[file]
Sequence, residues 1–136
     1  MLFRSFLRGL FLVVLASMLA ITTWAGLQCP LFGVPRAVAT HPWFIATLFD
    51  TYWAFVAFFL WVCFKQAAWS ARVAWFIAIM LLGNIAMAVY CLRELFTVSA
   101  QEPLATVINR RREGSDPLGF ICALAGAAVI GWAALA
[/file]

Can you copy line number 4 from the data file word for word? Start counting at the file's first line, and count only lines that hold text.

   101  QEPLATVINR RREGSDPLGF ICALAGAAVI GWAALA